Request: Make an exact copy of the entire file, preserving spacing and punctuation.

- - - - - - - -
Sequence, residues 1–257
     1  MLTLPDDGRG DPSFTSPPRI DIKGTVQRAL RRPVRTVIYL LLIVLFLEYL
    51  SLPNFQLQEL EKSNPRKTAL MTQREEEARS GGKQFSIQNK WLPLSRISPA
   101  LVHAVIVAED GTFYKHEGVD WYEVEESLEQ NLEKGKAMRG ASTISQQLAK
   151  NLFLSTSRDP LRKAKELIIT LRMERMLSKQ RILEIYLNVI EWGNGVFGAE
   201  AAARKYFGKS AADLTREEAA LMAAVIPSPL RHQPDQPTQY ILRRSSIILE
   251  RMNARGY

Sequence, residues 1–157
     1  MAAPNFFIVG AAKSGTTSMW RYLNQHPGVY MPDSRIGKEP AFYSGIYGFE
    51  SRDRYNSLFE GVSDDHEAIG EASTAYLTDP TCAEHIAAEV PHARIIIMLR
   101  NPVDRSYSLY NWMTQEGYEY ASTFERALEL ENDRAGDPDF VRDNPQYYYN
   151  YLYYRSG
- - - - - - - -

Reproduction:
Sequence, residues 1–257
     1  MLTLPDDGRG DPSFTSPPRI DIKGTVQRAL RRPVRTVIYL LLIVLFLEYL
    51  SLPNFQLQEL EKSNPRKTAL MTQREEEARS GGKQFSIQNK WLPLSRISPA
   101  LVHAVIVAED GTFYKHEGVD WYEVEESLEQ NLEKGKAMRG ASTISQQLAK
   151  NLFLSTSRDP LRKAKELIIT LRMERMLSKQ RILEIYLNVI EWGNGVFGAE
   201  AAARKYFGKS AADLTREEAA LMAAVIPSPL RHQPDQPTQY ILRRSSIILE
   251  RMNARGY

Sequence, residues 1–157
     1  MAAPNFFIVG AAKSGTTSMW RYLNQHPGVY MPDSRIGKEP AFYSGIYGFE
    51  SRDRYNSLFE GVSDDHEAIG EASTAYLTDP TCAEHIAAEV PHARIIIMLR
   101  NPVDRSYSLY NWMTQEGYEY ASTFERALEL ENDRAGDPDF VRDNPQYYYN
   151  YLYYRSG